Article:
Ukrainian parliament says yet to receive PM's resignation, work stalls
KIEV, July 25 (Reuters) - Ukraine's parliament said on Friday it had yet to receive a resignation letter from Prime Minister Arseny Yatseniuk so could not vote on whether to accept it or not, stalling work at the heart of government.
Yatseniuk, Ukraine's point man for the West during much of the turmoil in the country since November, tendered his resignation on Thursday, saying parliament was betraying its people's demands for change by failing to pass legislation.
The move by Yatseniuk, an ally of former prime minister Yulia Tymoshenko, could hamstring decision-making as Ukraine struggles to fund a war against pro-Russian rebels and deals with the aftermath of a passenger plane crash.
The chamber's deputy speaker, Bohdan Koshulynsky, confirmed he had yet to receive Yatseniuk's resignation.
The usually mild-mannered Yatseniuk bellowed at politicians before tendering his resignation on Thursday, saying politicians had failed to pass laws to take control over an increasingly precarious energy situation and to increase army funding.
"History will not forgive us," he said, telling politicians they were at risk of losing the hearts and minds of Ukrainians who had protested for months in the "Maidan" demonstrations in favour of joining Europe and against a pro-Russian president.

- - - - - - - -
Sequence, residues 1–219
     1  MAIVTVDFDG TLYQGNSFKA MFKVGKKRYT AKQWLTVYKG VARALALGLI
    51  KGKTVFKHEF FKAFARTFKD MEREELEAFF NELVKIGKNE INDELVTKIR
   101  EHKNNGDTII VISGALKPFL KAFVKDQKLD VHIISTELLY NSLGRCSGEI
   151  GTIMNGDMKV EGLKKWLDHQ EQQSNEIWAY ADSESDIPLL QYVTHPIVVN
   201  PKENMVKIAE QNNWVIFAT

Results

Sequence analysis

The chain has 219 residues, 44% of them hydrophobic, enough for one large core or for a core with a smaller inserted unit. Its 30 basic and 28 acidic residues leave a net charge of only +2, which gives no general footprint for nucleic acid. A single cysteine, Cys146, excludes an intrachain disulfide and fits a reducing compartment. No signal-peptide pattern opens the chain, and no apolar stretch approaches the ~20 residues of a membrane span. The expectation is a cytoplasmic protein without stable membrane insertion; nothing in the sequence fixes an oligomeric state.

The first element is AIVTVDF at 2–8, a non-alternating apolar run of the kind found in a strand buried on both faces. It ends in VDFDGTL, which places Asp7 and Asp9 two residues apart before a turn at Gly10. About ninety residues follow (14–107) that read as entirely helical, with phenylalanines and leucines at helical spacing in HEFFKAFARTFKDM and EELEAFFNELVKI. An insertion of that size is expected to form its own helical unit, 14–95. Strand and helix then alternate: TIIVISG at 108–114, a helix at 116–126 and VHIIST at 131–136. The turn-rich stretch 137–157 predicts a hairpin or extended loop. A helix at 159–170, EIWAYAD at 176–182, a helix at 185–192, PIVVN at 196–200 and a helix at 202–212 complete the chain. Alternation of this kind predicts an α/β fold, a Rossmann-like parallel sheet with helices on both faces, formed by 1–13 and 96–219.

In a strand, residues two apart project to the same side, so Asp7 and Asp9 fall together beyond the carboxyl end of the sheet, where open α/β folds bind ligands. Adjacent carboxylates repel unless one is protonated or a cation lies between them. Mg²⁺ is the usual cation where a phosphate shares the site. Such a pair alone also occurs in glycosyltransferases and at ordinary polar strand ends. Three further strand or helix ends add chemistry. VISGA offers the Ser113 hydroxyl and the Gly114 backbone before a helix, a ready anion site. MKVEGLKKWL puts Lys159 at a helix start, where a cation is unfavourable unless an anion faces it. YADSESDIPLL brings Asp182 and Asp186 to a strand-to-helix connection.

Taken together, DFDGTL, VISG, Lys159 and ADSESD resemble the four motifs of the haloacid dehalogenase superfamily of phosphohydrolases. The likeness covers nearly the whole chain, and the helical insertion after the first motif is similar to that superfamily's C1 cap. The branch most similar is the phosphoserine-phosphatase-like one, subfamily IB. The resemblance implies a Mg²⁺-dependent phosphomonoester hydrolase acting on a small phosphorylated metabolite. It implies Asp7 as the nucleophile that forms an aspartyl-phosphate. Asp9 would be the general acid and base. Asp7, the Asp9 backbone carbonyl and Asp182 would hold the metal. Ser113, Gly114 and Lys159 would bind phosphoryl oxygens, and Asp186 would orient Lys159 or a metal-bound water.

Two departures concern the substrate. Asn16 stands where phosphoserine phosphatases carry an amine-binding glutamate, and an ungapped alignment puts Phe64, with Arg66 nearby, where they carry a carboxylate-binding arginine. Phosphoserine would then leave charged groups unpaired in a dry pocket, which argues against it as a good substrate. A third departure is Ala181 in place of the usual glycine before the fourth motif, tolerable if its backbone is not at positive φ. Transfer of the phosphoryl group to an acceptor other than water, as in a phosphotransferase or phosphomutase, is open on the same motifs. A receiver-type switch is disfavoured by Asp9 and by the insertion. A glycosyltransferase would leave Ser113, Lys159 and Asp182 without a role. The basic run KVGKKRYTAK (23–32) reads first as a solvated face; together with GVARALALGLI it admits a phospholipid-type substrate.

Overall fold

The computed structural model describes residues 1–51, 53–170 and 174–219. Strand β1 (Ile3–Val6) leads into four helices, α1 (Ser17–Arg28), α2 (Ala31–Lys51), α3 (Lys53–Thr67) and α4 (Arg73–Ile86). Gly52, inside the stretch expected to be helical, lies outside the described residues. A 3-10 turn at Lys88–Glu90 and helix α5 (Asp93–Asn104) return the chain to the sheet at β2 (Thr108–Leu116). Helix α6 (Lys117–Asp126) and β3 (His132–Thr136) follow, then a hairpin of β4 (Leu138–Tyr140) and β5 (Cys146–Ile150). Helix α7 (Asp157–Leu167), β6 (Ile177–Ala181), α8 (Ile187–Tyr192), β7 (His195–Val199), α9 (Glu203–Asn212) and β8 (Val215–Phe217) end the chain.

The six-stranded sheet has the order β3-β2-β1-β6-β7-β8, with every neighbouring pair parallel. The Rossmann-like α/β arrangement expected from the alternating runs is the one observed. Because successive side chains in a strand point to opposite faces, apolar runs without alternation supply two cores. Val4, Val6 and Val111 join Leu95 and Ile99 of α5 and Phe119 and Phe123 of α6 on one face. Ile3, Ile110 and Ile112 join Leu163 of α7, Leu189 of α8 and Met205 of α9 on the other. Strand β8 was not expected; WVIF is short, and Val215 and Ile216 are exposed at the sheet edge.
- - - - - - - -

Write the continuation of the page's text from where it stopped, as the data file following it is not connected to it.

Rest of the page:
He may also have been angered by a move by two other members of the parliamentary coalition for exiting the majority, forcing new elections to a parliament whose make-up has not changed since before the toppling of Viktor Yanukovich.
Yatseniuk is a member of the Batkivshchyna party led by Tymoshenko, who was defeated by Poroshenko in a presidential election in May. He did not attend parliament as it opened its session on Friday.
Tymoshenko's party has seen its ratings fall since late last year and its position as the biggest party in parliament could be weakened if a new election took place. Ukraine's most popular party is now the populist Radical Party, led by Oleh Lyashko. (Reporting by Natalia Zinets, writing by Elizabeth Piper, editing by Timothy Heritage)
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